Theresa May’s decision to hold a snap general election on 8 June is being widely seen as an attempt to further weaken – if not outrightly dismantle – a crisis-ridden and ineffectual Labour opposition and to gain a much larger Tory majority in the House of Commons. It was also quite explicit in her 18 April speech announcing the election – see the newsfeed video clip below – that she wants that increased majority so she can eliminate any opposition in Parliament to pushing through her version of Brexit.
May named the House of Lords, Labour, the Liberal Democrats and the Scottish Nationalists as being the ‘enemy’. In a sense it was a little duplicitous for her to include Labour in quite the way she did. Jeremy Corbyn has been reported – eg: The Independent’s Rob Merrick – as saying Labour would vote against a final Brexit deal it didn’t approve of and Shadow Brexit Secretary Keir Starmer – as reported by The Guardian’s Rowena Mason & Anushka Asthana – has proposed that the UK could still participate in various EU structures and agencies post-Brexit. However, in general Corbyn has been broadly supportive of May’s Brexit tactics so far. He has declared Labour will not support calls for a second Brexit referendum and even cracked a 3-line whip to get his MPs to shoo through May’s Article 50 bill back in March. Given these facts, Corbyn’s historical antipathy towards the European Union (as chronicled by Business Insider UK’s Jeremy Wilson last year), his relative non-performance for Remain in the referendum campaign and the dissolute state of Labour, it would seem May has little to fear from Labour, as led by Corbyn, disrupting her headlong rush towards the Brexit ‘cliff edge’. Indeed, Corbyn’s ambivalence towards the Brexit issue, can be measured by the fact that, apart from Starmer’s 24 April statement, Labour has said little about it so far.
Rather, it seems May is more concerned about rebels in her own party. It was implicit in her election announcement but much more explicit in an interview later that day with The Sun’s Tom Newton Dunn that anti-Brexit Tories are “trying to stop us every step of the way”.
So an election that gives her an increased majority in the House of Commons not only inflicts further injury – possibly fatal – to Labour but also minimises the influence of any Tory rebels still left on the backbenches and increases the Government’s leverage against the Lords, would be a win-lose all around!
May had said repeatedly she would not call a snap general election. Additionally, she had told Scottish First Minister Nicola Sturgeon “Now is not the time” for a second Scottish independence referendum because she doesn’t want the Government distracted from pursuing Brexit. These assertions have now been conveniently swept aside and ignored. When challenged about such statements, May either avoids answering the question directly, attacks other politicians or simply blusters that she is right. A perfect example of this is her response to Yvette Cooper’s criticisms at Prime Minister’s Questions on 19 April – see the home video clip by Rose McMahon below.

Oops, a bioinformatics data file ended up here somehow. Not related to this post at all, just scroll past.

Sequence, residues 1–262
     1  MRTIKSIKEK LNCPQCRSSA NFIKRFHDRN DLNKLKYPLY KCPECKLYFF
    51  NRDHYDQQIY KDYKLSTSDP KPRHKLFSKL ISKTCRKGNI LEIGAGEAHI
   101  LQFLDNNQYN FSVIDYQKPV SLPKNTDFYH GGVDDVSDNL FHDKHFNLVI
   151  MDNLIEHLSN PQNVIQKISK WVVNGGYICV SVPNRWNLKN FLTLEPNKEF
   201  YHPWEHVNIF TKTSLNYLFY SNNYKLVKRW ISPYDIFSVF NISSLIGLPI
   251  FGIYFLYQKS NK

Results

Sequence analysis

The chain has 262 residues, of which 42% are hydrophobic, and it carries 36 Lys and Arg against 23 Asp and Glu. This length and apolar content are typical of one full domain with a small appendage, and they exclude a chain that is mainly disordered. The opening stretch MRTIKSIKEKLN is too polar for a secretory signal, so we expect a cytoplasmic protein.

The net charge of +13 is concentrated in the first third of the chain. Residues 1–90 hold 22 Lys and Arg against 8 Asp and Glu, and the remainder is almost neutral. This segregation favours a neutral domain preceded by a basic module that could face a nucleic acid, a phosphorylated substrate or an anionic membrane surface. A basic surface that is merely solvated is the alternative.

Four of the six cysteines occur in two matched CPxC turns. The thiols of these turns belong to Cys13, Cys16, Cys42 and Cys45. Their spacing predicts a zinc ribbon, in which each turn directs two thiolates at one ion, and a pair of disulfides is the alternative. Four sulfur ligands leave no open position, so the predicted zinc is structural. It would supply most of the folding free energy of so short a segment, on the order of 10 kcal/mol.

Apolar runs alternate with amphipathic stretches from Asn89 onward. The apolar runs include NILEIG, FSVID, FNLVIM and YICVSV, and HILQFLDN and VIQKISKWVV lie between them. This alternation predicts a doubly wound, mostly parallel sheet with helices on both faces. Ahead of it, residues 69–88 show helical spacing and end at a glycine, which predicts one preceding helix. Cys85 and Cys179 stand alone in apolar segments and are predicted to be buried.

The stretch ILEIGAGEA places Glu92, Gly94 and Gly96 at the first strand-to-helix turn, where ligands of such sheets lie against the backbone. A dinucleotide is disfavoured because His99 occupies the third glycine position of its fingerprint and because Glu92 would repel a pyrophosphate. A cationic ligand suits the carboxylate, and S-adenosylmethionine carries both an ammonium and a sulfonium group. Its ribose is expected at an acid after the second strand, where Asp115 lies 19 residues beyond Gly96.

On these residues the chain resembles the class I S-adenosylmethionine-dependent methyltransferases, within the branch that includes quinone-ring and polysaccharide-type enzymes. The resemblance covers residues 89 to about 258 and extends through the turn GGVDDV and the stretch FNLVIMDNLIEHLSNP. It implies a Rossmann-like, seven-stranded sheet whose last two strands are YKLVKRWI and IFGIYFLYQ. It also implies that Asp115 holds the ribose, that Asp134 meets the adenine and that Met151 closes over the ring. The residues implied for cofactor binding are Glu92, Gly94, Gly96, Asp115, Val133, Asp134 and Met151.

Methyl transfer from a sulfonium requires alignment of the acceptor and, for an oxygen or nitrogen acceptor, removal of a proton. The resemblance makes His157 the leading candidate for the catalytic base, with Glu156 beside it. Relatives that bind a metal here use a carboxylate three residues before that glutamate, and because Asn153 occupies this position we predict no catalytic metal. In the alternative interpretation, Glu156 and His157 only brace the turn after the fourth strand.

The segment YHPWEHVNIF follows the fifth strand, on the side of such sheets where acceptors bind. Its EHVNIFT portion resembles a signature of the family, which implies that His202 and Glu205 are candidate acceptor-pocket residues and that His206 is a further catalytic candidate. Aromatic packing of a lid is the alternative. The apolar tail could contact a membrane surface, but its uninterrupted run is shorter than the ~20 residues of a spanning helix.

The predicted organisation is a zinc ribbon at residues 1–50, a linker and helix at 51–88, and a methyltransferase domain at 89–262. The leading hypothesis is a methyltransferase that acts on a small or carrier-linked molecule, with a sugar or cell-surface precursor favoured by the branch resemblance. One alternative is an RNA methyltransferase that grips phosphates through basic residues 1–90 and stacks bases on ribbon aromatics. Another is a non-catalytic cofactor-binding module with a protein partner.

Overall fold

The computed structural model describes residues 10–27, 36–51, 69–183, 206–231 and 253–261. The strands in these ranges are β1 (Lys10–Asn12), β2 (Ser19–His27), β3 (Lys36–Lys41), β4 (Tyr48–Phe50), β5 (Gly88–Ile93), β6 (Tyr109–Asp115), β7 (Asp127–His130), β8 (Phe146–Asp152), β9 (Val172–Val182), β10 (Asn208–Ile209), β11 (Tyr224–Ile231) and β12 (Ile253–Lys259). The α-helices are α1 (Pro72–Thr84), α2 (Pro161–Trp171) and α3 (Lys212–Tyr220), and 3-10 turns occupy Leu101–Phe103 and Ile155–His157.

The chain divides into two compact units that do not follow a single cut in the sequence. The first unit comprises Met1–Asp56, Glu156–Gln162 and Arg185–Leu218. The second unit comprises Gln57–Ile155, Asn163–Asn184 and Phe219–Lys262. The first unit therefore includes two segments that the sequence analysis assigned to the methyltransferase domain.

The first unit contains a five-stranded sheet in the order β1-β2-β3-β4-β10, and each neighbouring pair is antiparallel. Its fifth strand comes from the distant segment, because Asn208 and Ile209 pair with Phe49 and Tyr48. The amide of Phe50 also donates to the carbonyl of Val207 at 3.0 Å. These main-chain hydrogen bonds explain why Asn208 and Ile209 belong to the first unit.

You could almost believe May had been schooled by Donald Trump in simply refusing to take on criticism and instead lying or attacking others. It shows how the RED vMEME will not be shamed but deflects the criticism by attacking others. Although strong Psychoticism is not that common in women – being associated with the male sex hormone testosterone – there is more than enough compulsion and ruthlessness in the way May works to indicate she could be high in that Dimension of Temperament, just to add to the sense of stubborn and bullish aggressiveness she also displays.
Is the election a second referendum by any other name?
May has also unequivocally stated there could not be a rerun of the EU referendum of 2016. Yet in her 18 April announcement, she makes it clear the election is about getting a larger majority so she can pursue her rush to Brexit.
So she is effectively making it a sort of referendum on Brexit. If she gets the large majority she anticipates, there is nothing to stop her rush to Brexit. If, however, the Tories are defeated or can only maintain power as a minority government, then it can be argued the electorate have voted against her version of Brexit. Depending just how many seats the Tories lose, it could even be argued the electorate have voted against Brexit full stop.
It is possible May has miscalculated severely in calling the election. The impression given is that she does not consult widely but only takes in the views of her inner circle and the extreme Brexiteers – Boris Johnson, David Davis, Liam Fox, etc – on whose patronage she depends to stay in power. This collective resistance to outside views is what Irving Janis (1972) called groupthink. As Janis noted, it has been behind many a disastrous political decision.
As widely reported at the end of April – eg: Meehran Khan in the Financial Times – the British economy has slowed considerably in the first quarter of 2017, falling from 0.7% growth to 0.3%. In large part this is attributed to reduced consumer spending, following the post-referendum collapse in the value of sterling, with prices on the rise in the shops. However, manufacturing is underperforming, in spite of the low pound making the export of finished goods that much easier. (In the globalised world we live in, the low value of the pound means importing raw materials and other components for manufacturing is that much more expensive.) Many other sectors are underperforming too. The buoyancy of the British economy in the first 6 months after the referendum confounded the doom predictors (including me!) but it may well be that the doom has merely been delayed, not cancelled.
Could this have an effect on voting intentions?
Well, at least one poll, by YouGov – reported by The Times’ Sam Coates – has reported that 45% of its sample think that leaving the EU is the wrong thing to do, compared to 43% who support Brexit. 15% of the Leavers in its sample have changed their minds. While these kinds of results have yet to be reflected in newer polls, they could be a harbinger of things to come.
The election may, after all, not go Theresa May’s way.